When Barrie Oblinger bought a run-down, almost-hundred-year-old house near his own home in Mebane to restore and resell, he didn't know what he was in for. As he started to poke around, he found that the pieces of lumber were numbered, as if there were some order to them or something.
There was. It was a "kit house." With a little research, he found out exactly which kit house it was: "The Standard," from the Aladdin Company of Bay City, Michigan, as seen in their 1917 catalogue.
Though the Sears & Roebuck kit houses may be better remembered today, Aladdin was in business longer: till 1981. Around 1996, a lucky thing happened. Someone bought a warehouse full of thousands of Aladdin documents, 15,000 drawings, the catalogues, business records, and made an anonymous gift of them to Central Michigan University.
Barrie visited the archives. With all of that history in mind, he and his partner proceeded to take the house apart and put it together again for the 21st century. They returned the color schemes, outside and in, to the muted earth tones of the original designs, reflective of the arts and crafts movement of the early 20th century. Prior owners had added a room off to the left of the front, nicely done with a fireplace. Barrie and Kevin knocked out the back wall, turned the pantry space into a spacious kitchen, and turned the kitchen into a dining room.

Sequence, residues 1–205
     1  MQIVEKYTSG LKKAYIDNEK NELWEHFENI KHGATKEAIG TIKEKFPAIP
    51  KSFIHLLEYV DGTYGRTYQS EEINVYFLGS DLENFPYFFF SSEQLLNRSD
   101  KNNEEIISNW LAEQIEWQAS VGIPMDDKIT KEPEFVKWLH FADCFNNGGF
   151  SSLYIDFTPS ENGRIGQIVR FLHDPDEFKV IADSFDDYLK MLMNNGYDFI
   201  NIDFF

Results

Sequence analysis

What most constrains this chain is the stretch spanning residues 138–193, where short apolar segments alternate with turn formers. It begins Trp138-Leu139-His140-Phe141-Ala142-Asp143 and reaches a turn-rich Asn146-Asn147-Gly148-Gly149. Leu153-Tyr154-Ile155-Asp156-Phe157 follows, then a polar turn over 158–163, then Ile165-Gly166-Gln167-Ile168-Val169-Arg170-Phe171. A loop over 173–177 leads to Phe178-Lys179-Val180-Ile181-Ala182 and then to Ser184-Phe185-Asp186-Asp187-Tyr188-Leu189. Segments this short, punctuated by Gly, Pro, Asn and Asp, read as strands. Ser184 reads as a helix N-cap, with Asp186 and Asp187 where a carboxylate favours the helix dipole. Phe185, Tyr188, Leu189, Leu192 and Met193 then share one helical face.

The "new" room with fireplace.
Barrie in the new kitchen. The light fixture is made from a heating grate on the floor of the foyer.
The view from the old kitchen.
Kit houses were houses for average Americans: not everyone could afford or even wanted a Frank Lloyd Wright production. Still, they reflected the quality and craftsmanship of their time. Aladdin offered $1 for every knot that was found in a piece of exposed lumber. Almost a hundred years later, there was no rotten wood in the Mebane house.
The sales tag was that an Aladdin home could be "built in a day." Maybe not, but happy customers testified to the ease and economies of its construction.
Aladdin's plans were ambitious. By 1920, they were offering to build whole towns. While not making a go of those diversified efforts, or their home furnishings line, they did manage to keep their core market for a very long time. The Standard model in Mebane has a new lease on life. It should be good for another hundred years or so.